"Our lives were stopped dead in their tracks. That's the most difficult part. Life is a road, it's a trip," Schrager says. "We got knocked off the road, and so getting started again was a very, very difficult thing."

But they did get started again. After prison, in 1982, Schrager and Rubell moved into the hotel business, first opening the Morgans in New York City in 1984. But in 1989, Schrager faced another type of misfortune, when Rubell died of complications related to AIDS. "We were two kids from Brooklyn and we didn't really have very much and we created something together. And it's great when you can share that with somebody," Schrager says. "He enjoyed being out there and taking the bows and being with people....[Now] I have to have a public presence, where before I didn't. And if I had my choice, I wouldn't."

Edition room
Standard rates at the New York Edition range from $675 to $1,200 per night. Nikolas Koenig

Room 2210 at the Edition (where Schrager's publicist arranged for Newsweek to stay one night, free of charge) overlooks Madison Square Park to the west and downtown Manhattan to the south. It goes for $1,200 per night. (The lowest standard rate for a room there is $675.) A faux fur blanket is draped over the king-size bed and a chocolate version of the clock tower is wrapped in a white box on a dining table.

Schrager takes credit for everything in the hotel, from the touch screens outside the elevators to the striped shirts and blazers worn by the front desk staff. Still, he insists he is not a designer. "I'm like a producer, a coach, a mother, a father," he says in his Brooklyn accent, dropping the last consonants. "I'm trying to get the best work out of people." With his raspy voice, he sounds as if he's giving away secrets, and he grabs and taps the listener's arm as he speaks. The only element he didn't touch, he concedes, was the minibar; it offers Dean & DeLuca gummi bears, "all-natural latex" condoms, designer lingerie and $188 Illesteva sunglasses.

"Most of the hotel industry has been following Ian for a long time," says Goldberger. "If you look at things like the W, that whole chain, and the Hyatt Andaz chain and several others now, they're all attempts to kind of follow what Ian started doing early on." (A spokesperson for Hyatt declined to comment; one for the W brand did not respond to a request for comment.)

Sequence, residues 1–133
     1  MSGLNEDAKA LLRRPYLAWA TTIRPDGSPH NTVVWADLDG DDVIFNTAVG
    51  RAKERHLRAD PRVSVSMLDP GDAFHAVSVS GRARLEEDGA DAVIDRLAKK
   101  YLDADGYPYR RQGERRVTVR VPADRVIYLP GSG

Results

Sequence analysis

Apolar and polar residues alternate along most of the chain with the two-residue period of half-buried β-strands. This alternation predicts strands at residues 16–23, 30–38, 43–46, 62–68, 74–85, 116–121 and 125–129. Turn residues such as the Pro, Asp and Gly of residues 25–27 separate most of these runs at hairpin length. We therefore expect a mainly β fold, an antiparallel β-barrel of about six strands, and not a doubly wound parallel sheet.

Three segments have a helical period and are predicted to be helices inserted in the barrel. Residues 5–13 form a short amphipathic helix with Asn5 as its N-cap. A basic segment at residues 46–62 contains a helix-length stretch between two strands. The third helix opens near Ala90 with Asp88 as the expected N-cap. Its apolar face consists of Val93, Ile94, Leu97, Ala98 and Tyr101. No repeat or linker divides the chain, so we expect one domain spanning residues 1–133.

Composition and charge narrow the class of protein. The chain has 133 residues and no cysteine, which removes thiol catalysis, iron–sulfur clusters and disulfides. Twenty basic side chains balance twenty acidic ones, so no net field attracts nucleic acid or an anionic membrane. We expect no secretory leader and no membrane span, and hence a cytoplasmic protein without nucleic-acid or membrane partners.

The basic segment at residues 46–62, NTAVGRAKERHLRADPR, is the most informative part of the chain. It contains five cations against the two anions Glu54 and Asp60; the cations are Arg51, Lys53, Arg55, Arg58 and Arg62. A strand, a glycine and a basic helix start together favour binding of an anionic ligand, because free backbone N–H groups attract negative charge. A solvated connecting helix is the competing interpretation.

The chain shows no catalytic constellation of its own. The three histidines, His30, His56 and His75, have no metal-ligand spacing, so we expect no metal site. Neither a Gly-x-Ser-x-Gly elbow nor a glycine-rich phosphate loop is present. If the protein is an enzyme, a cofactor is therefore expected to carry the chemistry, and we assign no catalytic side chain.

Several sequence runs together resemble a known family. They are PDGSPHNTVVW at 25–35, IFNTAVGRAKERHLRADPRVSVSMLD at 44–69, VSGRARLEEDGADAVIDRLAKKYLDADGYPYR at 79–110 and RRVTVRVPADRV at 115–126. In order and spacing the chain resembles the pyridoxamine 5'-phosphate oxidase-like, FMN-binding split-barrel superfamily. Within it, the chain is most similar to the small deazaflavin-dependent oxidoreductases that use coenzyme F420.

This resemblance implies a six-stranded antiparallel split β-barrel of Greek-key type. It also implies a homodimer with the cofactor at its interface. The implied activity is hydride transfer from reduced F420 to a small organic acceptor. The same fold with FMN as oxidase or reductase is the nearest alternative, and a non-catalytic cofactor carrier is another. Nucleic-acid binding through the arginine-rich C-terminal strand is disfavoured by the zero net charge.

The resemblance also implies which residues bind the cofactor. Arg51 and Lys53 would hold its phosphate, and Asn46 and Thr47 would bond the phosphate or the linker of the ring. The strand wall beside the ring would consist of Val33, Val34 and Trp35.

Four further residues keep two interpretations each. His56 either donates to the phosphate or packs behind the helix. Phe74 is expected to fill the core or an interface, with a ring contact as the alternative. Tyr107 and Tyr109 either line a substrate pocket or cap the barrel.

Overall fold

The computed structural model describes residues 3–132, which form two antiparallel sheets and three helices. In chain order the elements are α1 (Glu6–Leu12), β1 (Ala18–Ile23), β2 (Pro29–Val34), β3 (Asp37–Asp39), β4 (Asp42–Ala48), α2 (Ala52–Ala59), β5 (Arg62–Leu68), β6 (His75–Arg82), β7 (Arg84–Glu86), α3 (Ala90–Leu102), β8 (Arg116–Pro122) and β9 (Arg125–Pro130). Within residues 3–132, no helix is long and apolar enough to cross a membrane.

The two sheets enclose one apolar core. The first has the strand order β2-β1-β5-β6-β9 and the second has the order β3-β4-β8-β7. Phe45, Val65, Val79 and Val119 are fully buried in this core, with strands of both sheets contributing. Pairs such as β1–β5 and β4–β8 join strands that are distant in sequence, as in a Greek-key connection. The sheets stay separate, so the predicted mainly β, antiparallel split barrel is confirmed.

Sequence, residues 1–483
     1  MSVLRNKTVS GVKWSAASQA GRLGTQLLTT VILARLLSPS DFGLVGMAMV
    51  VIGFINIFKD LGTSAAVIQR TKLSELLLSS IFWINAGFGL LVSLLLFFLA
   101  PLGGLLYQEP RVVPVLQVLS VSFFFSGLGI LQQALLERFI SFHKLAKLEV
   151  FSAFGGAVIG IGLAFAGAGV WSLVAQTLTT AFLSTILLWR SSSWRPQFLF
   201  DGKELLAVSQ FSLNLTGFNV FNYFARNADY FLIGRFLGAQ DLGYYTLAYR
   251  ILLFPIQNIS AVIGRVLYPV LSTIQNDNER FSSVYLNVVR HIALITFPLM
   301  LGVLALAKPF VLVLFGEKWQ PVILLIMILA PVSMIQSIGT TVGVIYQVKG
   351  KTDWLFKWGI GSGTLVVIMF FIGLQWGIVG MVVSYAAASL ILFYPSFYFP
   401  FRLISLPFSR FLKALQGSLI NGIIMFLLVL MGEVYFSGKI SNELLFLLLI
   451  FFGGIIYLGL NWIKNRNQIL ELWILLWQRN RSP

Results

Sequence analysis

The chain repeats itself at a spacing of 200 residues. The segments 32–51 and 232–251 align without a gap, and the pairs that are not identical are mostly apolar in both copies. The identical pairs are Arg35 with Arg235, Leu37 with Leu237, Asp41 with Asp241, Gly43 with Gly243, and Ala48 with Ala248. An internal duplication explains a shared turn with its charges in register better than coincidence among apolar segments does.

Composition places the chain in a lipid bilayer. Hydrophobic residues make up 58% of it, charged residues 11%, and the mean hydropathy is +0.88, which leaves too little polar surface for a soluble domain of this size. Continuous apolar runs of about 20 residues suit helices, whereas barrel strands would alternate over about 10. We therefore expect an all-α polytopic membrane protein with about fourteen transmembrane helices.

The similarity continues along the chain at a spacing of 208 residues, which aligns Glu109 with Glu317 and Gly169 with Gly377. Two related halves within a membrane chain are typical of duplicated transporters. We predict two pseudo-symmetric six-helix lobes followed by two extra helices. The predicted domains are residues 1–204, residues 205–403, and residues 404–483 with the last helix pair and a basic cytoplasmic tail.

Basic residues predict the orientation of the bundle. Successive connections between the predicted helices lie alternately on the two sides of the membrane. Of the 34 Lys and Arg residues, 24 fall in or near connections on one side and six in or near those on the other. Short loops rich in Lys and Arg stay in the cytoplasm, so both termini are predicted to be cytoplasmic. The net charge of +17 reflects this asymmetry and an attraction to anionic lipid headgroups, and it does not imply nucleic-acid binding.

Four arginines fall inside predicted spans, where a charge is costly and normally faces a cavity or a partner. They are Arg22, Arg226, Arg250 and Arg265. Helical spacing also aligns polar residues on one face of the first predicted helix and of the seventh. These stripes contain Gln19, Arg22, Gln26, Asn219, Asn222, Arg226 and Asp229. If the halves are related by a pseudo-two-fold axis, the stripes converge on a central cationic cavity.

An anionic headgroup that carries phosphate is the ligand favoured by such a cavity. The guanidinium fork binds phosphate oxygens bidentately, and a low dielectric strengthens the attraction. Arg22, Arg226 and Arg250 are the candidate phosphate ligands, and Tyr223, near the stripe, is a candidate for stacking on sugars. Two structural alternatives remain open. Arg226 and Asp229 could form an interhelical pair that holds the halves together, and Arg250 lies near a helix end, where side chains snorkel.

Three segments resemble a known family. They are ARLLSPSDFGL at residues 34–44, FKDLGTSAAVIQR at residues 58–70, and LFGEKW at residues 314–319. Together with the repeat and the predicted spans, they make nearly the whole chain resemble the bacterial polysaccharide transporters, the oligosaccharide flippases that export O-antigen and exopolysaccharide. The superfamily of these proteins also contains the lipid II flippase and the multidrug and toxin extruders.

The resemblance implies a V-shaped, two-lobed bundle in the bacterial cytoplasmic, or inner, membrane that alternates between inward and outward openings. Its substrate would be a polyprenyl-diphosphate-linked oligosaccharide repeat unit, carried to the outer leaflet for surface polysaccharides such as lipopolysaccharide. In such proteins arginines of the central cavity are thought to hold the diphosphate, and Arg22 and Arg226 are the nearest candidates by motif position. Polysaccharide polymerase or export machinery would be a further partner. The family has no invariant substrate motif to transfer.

"I've admired him for a long time both as a businessman who understands the role of design, but balances it with good business," Goldberger adds. "He just has a very, very good eye. Ian's one of the few business executives who you could sit down in front of three different designs by three different architects and say, 'Which one is the best?' and he'll go to the right one."

Before moving to a different dining room to "see a guy in there that wants to see me about something," Schrager breaks down his vision for Edition. "I'm thinking of this as a new kind of luxury hotel, because it's luxury, but it's not traditional luxury," he says. "It's a modern luxury for a new set of people that don't want the same kind of luxury that our parents had. Don't care about being served with white gloves, gold buttons, fine sterling silver or fine bone china. Don't care about that stuff. Care about your coffee being served quick and hot and by nice people." For Edition prices, guests can expect a coffee experience that lives up to those standards. Still, Schrager is drinking Starbucks.